Marketing or Sales – Which Comes First?

By | Small Business

Marketing or Sales   Which Comes First? image marketing vs sales 11 300x186

Marketing and Sales have a lot in common. Both are very important points of interest for generating revenue in your business, and they both are to be covered within the marketing plan subset of your overall business plan. Truthfully, it’d be hard to imagine your business operating without a marketing or sales division in place; they are both absolutely essential. But which one comes first when establishing your business; marketing or sales?

The short answer is marketing; establishing a business without marketing infrastructure is akin to building a house without a foundation. When first beginning, a marketing plan should be concise, only covering one year. This will allow you to accommodate for things changing such as team dynamics and the market structure; you can worry about a two to four year plan later on down the road. Your plan should be made with the insight of all of your team-members; getting feedback from all parts of your company will better provide an all-encompassing strategy, improving your likelihood for success.

He goes on to say that without a marketing plan, you won’t be able to build your brand as effectively as you could. Once you have a marketing strategy set up only then can you begin to focus on sales. But you need sales to survive right? That may be true, but good marketing creates awareness of your firm on a broad scale, allowing you to grow exponentially in the future. Small businesses may be able to survive by word of mouth but they’ll never grow to their true potential. By creating a solid marketing plan you are being proactive in managing your company. Upon creating the marketing plan you then utilize your sales division reactively to achieve the results you desire. A sales team will utilize the company’s marketing philosophy to drive sales numbers up. For example, marketing plan’s often will include situation analyses discussing the company’s strengths, weaknesses, opportunities and threats (SWOT analysis). Armed with this information, salesmen for your company will be better suited to sell the product or service in ways that will highlight your company’s unique strengths while circumventing your weaknesses. Furthermore by knowing what your target audience is, salesmen can refine their focus on likely customers instead of wasting their efforts on empty leads. Marketing also establishes goals for your firm (for example, to increase clients by 15% in the next 3 months) which holds your sales force accountable in the long-term and encourages success.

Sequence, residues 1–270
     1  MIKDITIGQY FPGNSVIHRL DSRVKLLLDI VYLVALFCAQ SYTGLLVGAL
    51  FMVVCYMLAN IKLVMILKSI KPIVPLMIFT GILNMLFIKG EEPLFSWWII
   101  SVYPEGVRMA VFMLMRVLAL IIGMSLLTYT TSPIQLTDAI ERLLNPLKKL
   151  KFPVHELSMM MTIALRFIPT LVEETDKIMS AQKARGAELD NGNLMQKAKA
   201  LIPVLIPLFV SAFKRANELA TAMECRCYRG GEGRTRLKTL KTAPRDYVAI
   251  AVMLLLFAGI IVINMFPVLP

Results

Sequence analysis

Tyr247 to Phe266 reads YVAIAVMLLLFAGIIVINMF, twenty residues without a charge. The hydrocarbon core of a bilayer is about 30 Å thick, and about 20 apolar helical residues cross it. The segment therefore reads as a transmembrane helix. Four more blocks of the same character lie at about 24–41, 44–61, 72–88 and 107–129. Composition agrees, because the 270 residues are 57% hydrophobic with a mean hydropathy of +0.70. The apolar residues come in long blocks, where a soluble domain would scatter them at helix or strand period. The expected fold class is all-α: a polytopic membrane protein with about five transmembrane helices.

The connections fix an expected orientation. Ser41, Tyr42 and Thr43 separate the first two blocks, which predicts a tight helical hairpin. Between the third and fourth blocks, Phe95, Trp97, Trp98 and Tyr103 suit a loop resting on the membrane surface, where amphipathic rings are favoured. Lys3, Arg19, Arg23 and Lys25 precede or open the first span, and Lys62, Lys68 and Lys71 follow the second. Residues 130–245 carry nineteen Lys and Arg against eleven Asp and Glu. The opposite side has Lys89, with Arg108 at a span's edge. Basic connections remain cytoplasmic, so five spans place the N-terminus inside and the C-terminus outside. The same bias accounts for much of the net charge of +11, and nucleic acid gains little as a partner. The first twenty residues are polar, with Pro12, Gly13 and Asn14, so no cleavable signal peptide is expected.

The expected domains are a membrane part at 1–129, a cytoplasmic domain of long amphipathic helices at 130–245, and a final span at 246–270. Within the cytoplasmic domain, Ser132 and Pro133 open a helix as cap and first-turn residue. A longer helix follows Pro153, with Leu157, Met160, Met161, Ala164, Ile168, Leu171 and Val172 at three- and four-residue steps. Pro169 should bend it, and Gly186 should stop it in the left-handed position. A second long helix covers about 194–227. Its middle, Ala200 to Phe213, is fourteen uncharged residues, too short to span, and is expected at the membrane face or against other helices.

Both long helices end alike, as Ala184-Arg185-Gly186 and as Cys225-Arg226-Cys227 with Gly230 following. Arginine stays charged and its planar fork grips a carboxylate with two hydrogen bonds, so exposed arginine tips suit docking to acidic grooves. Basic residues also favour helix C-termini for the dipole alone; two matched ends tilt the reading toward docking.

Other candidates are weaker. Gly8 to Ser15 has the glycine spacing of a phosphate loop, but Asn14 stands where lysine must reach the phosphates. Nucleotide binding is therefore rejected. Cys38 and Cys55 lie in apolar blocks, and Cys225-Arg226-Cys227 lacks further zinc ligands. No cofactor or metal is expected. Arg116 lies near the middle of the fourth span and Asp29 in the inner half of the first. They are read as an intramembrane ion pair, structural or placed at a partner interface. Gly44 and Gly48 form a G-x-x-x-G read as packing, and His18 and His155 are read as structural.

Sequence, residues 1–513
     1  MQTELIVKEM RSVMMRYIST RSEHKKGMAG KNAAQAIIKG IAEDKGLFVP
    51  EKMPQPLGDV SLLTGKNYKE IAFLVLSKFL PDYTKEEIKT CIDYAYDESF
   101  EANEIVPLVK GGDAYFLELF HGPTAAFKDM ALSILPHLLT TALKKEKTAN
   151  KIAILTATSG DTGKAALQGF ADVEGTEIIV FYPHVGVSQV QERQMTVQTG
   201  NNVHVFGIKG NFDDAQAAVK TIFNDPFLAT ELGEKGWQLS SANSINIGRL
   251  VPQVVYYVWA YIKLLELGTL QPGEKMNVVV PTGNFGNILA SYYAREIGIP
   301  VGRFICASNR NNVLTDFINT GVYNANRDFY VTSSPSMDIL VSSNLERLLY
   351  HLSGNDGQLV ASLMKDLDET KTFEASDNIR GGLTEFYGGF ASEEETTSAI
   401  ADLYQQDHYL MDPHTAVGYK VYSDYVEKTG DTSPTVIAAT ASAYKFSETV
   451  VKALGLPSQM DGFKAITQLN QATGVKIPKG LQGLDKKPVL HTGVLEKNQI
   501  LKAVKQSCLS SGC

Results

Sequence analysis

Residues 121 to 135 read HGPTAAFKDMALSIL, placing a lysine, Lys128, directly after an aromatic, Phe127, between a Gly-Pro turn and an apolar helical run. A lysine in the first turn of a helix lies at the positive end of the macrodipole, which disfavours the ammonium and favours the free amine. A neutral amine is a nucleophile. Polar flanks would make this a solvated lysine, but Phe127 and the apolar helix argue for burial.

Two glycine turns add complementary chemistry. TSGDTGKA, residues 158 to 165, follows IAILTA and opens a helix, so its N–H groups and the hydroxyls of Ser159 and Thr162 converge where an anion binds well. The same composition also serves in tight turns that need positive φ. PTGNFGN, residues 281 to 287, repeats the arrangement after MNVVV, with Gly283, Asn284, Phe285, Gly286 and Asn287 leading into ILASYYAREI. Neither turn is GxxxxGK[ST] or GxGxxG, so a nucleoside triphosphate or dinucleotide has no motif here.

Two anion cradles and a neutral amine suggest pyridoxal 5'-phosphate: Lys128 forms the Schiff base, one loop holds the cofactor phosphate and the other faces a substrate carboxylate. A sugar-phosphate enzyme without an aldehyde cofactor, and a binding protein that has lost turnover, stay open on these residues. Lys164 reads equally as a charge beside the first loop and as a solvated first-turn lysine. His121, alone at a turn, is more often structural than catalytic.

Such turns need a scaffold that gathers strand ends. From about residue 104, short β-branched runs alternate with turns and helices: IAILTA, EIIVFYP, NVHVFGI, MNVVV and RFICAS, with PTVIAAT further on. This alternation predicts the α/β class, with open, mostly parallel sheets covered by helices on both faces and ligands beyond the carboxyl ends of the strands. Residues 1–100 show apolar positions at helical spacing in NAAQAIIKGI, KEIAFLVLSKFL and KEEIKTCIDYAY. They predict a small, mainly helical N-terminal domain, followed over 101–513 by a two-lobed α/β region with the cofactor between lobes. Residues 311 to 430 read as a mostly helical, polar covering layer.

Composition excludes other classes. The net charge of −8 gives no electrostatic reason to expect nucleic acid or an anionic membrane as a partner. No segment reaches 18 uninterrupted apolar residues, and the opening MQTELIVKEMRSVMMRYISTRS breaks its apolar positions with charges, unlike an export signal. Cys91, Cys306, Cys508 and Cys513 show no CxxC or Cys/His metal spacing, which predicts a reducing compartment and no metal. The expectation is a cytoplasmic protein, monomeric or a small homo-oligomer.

To conclude, marketing and sales should never be an afterthought. They will always be essential parts of any business and they should be used jointly to expand your enterprise. That being said, they do indeed offer very different purposes. Marketing is about information gathering and perpetuation; in a marketing plan you intend to learn about your market and your customer, while finding ways to target them and to inform them about your brand. Sales on the other hand uses that information as a means to an end, to sell more products and to increase profitability for your company. Whichever way you look at it, both should be a high priority for your company. However, without a marketing strategy, your sales will inevitably suffer and your company could fail before your dreams come to fruition.

This article was syndicated from Business 2 Community: Marketing or Sales – Which Comes First?

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